Bernanke: Pay No Attention to the Man Behind the Curtain
from Washington's Blog by George Washington
In July 2009, ten Congress members sent Fed Chairman Bernanke the following letter because they were worried that Goldman “is not changing its business model” but is instead “using its regulatory freedom to evade capital requirements and take outsized risks with taxpayers on the hook for losses”. They asked for details behind the Fed-Goldman relationship.
Federal Reserve System
20th Street & Constitution Avenue, NW
Washington, DC 20551
Dear Chairman Bernanke:
In the fall, Goldman Sachs secured access to government funding by converting from an investment bank into an ordinary bank. Despite this shift, the CFO of the company, David Viniar, said last week that the company is continuing to operate as if it were still a high-risk investment bank: “Our model really never changed,” he noted in a quote to Bloomberg. “We’ve said very consistently that our business model remained the same.”
This statement seems accurate. Earlier this year, the Federal Reserve granted a temporary exemption to Goldman Sachs from standard bank holding company Market Risk Rules, allowing the company to continue operating as if it were an investment bank. The company and its employees have taken full advantage of its new government subsidies, and the retained ability to bet big. In its most recent quarter, Goldman Sachs earned high profits of $2.7 billion on revenues of $13.76 billion, with 78 percent of this revenue derived from high-risk trading and principal investments. It paid out much of this revenue in compensation, setting aside a record $772,858 for each employee at an annualized rate. The company’s own measurement of risk, its Value-at-Risk model, recently showed potential trading losses at $245 million a day, up from $184 million last May.
Despite its exemption from bank holding company regulations, Goldman Sachs has access to taxpayer subsidies, including FDIC-backed bonds, TARP money (since repaid), counterparty payments funneled through AIG, and an implicit backstop from the taxpayer that allowed a public equity offering in a queasy market. The only difference between Goldman Sachs today and Goldman Sachs last year is that today, the company is officially gambling with government money. This is the very definition of “heads we win, tails the taxpayers lose.”
It is worth noting that there sometimes might be good reasons to grant temporary regulatory exemptions, considering that companies cannot instantly change their business model. Still, given Goldman Sachs’s last quarter results and public statements that it is not changing its business model, we are worried that the company is using its regulatory freedom to evade capital requirements and take outsized risks with taxpayers on the hook for losses.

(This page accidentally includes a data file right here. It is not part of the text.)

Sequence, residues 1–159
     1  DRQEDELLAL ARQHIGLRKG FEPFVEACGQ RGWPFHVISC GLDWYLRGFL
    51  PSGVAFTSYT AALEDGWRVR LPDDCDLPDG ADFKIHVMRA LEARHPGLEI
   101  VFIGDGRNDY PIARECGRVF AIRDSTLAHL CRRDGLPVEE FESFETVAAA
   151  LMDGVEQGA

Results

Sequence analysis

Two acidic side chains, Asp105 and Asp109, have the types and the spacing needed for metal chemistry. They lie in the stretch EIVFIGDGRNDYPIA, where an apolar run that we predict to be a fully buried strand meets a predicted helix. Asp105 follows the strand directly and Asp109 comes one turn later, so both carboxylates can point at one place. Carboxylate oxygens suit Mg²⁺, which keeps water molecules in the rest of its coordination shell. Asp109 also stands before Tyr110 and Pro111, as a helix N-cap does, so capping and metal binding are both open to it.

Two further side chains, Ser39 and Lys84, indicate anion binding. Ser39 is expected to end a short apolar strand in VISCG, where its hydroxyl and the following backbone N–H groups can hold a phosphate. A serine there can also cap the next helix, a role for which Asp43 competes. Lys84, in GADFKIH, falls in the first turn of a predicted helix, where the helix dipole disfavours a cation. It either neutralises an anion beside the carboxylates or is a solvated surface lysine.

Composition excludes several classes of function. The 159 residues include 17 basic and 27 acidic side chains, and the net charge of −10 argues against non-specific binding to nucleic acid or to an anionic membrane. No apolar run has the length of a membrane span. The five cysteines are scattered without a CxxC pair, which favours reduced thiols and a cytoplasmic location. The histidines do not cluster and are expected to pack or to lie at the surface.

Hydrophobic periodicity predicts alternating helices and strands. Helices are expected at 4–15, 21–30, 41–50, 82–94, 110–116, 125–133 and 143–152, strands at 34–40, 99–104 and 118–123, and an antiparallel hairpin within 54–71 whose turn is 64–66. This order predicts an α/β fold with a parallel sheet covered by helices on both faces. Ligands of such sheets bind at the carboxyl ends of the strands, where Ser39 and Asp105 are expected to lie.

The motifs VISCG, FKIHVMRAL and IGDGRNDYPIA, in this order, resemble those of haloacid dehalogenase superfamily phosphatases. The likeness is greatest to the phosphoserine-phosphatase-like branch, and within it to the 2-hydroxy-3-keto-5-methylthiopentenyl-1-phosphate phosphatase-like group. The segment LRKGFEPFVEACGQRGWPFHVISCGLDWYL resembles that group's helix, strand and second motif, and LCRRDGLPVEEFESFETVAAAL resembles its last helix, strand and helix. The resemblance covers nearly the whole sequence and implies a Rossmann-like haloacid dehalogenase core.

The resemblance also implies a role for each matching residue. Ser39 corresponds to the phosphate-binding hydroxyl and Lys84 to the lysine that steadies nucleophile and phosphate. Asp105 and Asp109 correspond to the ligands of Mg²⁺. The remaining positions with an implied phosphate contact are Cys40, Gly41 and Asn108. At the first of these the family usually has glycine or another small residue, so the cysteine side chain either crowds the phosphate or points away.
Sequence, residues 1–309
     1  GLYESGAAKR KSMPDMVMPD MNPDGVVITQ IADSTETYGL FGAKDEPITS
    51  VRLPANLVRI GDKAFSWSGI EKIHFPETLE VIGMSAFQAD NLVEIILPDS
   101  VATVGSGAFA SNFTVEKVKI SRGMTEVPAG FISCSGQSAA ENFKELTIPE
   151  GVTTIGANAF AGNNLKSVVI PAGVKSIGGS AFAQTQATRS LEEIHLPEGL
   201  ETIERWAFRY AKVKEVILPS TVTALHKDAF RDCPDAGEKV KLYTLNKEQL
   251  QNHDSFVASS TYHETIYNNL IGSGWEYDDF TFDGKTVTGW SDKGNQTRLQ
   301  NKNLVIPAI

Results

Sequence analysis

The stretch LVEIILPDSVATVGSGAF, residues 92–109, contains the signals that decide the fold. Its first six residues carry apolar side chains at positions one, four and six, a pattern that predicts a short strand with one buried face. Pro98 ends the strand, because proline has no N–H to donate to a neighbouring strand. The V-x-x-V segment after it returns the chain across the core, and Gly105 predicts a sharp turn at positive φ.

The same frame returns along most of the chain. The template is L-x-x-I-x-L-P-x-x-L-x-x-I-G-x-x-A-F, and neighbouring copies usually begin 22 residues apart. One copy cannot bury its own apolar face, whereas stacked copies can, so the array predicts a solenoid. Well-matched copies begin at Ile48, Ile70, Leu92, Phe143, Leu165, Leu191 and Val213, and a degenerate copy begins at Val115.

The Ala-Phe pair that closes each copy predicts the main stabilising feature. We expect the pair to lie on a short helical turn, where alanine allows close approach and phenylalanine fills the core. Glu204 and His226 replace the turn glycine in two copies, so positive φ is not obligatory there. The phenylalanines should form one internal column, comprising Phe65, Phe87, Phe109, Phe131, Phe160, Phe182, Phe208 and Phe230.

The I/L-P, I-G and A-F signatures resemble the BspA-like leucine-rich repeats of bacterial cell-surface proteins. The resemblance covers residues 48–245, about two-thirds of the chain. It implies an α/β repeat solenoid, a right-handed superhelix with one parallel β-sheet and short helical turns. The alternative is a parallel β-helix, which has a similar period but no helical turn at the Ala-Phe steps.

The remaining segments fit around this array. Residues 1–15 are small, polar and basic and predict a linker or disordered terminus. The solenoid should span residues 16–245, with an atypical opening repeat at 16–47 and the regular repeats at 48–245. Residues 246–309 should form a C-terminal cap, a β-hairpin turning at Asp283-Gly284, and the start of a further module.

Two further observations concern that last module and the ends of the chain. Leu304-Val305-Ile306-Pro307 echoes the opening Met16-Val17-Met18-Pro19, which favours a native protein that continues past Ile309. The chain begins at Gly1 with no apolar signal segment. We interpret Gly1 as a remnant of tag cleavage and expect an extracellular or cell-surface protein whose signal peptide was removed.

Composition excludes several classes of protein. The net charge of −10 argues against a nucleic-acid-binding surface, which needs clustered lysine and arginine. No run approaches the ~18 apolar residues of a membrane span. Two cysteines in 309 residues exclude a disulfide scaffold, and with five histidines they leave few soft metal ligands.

With this in mind, our questions are as follows:
1) In the letter granting a regulatory exemption to Goldman Sachs, you stated that the SEC-approved VaR models it is now using are sufficiently conservative for the transition period to bank holding company. Please justify this statement.
2) If Goldman Sachs were required to adhere to standard Market Risk Rules imposed by the Federal Reserve on ordinary bank holding companies, how would its capital requirements differ from the current regulatory regime?
3) What is the difference in exposure to the taxpayer between these two regulatory regimes?
4) What is the difference in total risk to the portfolio between these two regulatory regimes?
5) Goldman Sachs stated that “As of June 26, 2009, total capital was $254.05 billion, consisting of $62.81 billion in total shareholders’ equity (common shareholders’ equity of $55.86 billion and preferred stock of $6.96 billion) and $191.24 billion in unsecured long-term borrowings.” As a percentage of capital, that’s a lot of long-term unsecured debt. Is any of this coming from the Government? In this last quarter, how much capital has Goldman Sachs received from the Federal Reserve and ot
her government facilities such as FDIC-guaranteed debt, either directly or indirectly?
6) Many risk-management experts, most notably best-selling author Nassim Taleb, note that VaR models can dramatically understate risk. What is your overall view of Taleb’s argument, and of the utility of Value-at-Risk models as regulatory tools?
As we work through legislative conversations regardling systemic risk, these questions are taking on increased significance. We appreciate your time and the efforts you are making to explain the actions of the Federal Reserve to Congress, and to taxpayers.
Alan Grayson, Ron Paul, Walter Jones, Brad Miller, Dan Lipinski, Elijah Cummings, Tom Perriello, Maxine Waters, Jackie Speier, and Maurice Hinchey.
The next month, things changed ...
As I wrote in October:
[Simon] Johnson provided interesting information regarding Goldman Sachs. As everyone knows, Goldman switched to a bank holding company in September, to have access to funds from the Fed at essentially zero percent interest.
But Johnson noted that in August of 2009, Goldman switched again - to a "financial holding company".
What's the difference?
Johnson says that being a financial holding company means that Goldman can borrow money from the Fed at essentially no cost, and then invest it in any thing it wants. For example, Johnson says that Goldman has bought a large share of the stock of a Chinese automaker. If the investment succeeds, Goldman will reap the profits. If it fails, the taxpayers are on the hook.
Last week, Bernanke finally responded to Congress' July 2009 letter.
I've read the 7-page response. Here's the executive summary.